April 27, 2015 protests and shutdown[edit]

On Monday, April 27, 2015, riots broke out around Mondawmin station in a clash between police officers and demonstrators protesting the death of Freddie Gray. Details of the origins of the clashes and response from local officials have remained unclear since they occurred. In the early afternoon, law enforcement officials arrived at the transit hub in riot gear, allegedly in response to memes about a "purge" around school dismissal time which were being circulated on social media. At 2:45 P.M., police officers, MTA officials, and school officials were gathered at Mondawmin station for a roll call, and minute later at 2:46 P.M., the MTA issued a dispatch about a rock being thrown. Baltimore police officers formed a skirmish line across the bus loop, blocking access to buses, within the next 10 minutes. Many students at the nearby Frederick Douglas High School were left stranded as they left the school. A growing number people had been arriving on the scene prior to the shut down of Mondawmin station. At first, MTA officials tried to get some students and other patrons onto departing trains while blocking passengers from alighting at Mondawmin, and some buses were still stopping in the area. At 3:21 P.M., Baltimore police closed the intersection of Reisterstown Road and Liberty Heights Avenue, forcing the diversion of all bus traffic from the area.[14]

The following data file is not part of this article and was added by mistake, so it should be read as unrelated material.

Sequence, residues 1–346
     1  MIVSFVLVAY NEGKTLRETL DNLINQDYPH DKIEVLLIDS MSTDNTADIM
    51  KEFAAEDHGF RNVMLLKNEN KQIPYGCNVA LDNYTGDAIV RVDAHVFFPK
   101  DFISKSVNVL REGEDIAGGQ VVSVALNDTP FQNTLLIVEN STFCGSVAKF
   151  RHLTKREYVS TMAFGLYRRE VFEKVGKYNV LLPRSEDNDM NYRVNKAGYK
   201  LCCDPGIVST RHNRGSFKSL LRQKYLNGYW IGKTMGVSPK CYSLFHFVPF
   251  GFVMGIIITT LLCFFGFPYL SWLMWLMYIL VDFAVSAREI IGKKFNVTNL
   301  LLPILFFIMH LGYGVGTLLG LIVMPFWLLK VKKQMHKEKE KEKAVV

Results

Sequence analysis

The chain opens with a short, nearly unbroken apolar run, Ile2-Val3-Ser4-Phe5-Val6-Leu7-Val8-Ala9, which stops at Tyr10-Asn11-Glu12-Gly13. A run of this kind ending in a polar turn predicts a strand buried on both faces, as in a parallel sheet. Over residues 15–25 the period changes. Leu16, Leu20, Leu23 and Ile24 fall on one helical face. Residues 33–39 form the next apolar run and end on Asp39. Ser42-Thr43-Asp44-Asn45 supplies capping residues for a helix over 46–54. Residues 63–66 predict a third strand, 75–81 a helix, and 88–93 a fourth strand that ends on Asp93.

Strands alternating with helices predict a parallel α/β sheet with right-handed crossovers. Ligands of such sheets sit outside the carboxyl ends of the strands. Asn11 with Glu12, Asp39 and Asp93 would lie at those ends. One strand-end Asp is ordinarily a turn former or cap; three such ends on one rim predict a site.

The MTA subsequently announced that the Metro subway was operating on Tuesday, April 28, but that Mondawmin, Upton, and Penn-North stations would be temporarily closed, and that bus diversions around the Mondawmin bus loop were in place.[15] On Wednesday, April 29, the MTA announced the continuation of the temporary station closures and bus diversions.[16] On Thursday, April 30, the MTA reopened the stations to resume regularly scheduled service.[17]

Notably, it remains unclear who ordered the shutdown of transit at Mondawmin on April 27, 2015. Mayor Stephanie Rawlings-Blake stated that she was not sure where the order came from, and that MTA officials attributed it to school officials, while school officials attributed it to the police. A spokesman for the MTA said that the police requested the shut down, and city police referred questions about the shutdown to the MTA. Baltimore City Public Schools CEO Gregory Thornton said that he was amid key meetings with the mayor and the governor and was "completely caught off guard" by the decision to shut down transit.[18][14]

Transit-oriented development[edit]

In November 2018, a mixed-income affordable housing community named Metro Heights opened at the intersection of Liberty Heights Avenue and Reisterstown Road near the Mondawmin Metro station due to the site's advantageous location within Baltimore City's regional transportation network. The 15.9 million dollar four-story development of 70 units replaced a block of vacant row homes and was financed by a combination of state, city, and private investment organizations.[19][20][21]

Local politicians including Mayor Catherine Pugh gather for an opening ceremony for Metro Heights at Mondawmin in November 2018.


  1. ^ Metro SubwayLink Cornerstone Plan (PDF) (Report). Maryland Department of Transportation, Maryland Transit Administration. August 28, 2019. p. 15. Retrieved November 18, 2021.